Makers of the Lego Glock Say the Advocacy Groups Pointing Out Its Obvious Evilness Simply Hate Innovation

Lego has rightfully requested that a Utah gun company stop selling a pistol upgrade kit made of literal toys

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Makers of the Lego Glock Say the Advocacy Groups Pointing Out Its Obvious Evilness Simply Hate Innovation
Screenshot:Instagram/Culper Precision (Other)

In a country where there was a 50 percent increase in child deaths from gun violence last year, one cartoonishly evil gun company has recently asked: What if guns looked more like toys?

In June, Culper Precision, a Utah-based gun company introduced the “Block 19″ prototype which would allow gun owners to fit Legos atop their pistols. While the move sounds a lot like cigarette executives conspiring to get cartoon camels smoking on every billboard in America, critics say it was likely just a marketing tactic to anger gun control groups for free publicity, according to NPR:

“But the Block 19 immediately provoked an intense reaction. Within the gun-owner community, some said the brightly colored pistol amounted to baiting gun control advocates.”

Culper’s response to the backlash, in addition to Lego’s quick request that Culper stop selling Lego-centric gun decorating kits for $600 a pop, does sound a whole lot like a bunch of assholes trolling:

“Culper has taken down the pistol kit’s product page, but it’s defending its idea to make a Lego gun. The company says it built the Block 19 “to be a welcome and a gesture of friendship and inclusion,” especially for gun owners who eschew ‘tactical pants’ and ‘bravado’.”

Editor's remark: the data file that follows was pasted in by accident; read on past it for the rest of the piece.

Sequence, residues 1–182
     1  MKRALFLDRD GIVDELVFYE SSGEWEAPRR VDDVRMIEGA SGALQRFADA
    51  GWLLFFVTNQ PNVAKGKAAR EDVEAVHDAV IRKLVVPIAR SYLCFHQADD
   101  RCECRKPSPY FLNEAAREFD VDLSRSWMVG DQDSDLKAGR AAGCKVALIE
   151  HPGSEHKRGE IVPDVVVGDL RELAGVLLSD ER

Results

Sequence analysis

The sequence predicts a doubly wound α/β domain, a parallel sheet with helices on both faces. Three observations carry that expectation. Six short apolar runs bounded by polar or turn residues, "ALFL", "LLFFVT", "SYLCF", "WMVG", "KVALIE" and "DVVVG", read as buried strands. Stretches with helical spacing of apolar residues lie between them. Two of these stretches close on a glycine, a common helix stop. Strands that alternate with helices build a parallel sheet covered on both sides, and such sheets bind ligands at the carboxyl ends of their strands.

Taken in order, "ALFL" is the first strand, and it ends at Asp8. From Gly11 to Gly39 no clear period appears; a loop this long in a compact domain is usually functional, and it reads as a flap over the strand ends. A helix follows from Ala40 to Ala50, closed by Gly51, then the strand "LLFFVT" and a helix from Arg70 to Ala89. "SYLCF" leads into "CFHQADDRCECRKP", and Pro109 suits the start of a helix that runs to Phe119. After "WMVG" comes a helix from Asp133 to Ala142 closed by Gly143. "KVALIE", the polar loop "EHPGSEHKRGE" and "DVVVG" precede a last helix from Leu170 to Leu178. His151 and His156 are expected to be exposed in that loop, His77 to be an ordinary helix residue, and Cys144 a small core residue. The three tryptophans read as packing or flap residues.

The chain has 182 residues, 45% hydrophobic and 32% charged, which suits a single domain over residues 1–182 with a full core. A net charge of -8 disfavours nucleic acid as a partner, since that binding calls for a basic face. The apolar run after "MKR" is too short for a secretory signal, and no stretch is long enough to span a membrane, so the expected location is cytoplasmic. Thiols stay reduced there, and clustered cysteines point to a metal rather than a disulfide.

While it’s unclear from this statement whether or not Culper intended an add-on meant to look like a toy to make the company more inclusive to children, gun control groups like Moms Demand Action were right and quick to point out that all of this is “sick and that children would die.”

Culper argues that the gun is meant to be a “safe queen” (not the winner of a lip-sync on RuPaul’s Drag Race but a firearm meant to be locked in a safe as a collectible) and that every time they try to do anything fun, uptight moms want to take it away:

“‘It seems that no matter what we create in the firearms industry anti gunners seem to leverage every *true* innovation (block19 is NOT an innovation it is a fun safe queen) shortly after its release to talk about why guns are bad,’ Culper said.”

It also remains unclear from this statement whether or not Culper is actually a company comprised of and run by petulant children, though some investigation into this matter could possibly prove useful in future attempts to take their toys away.

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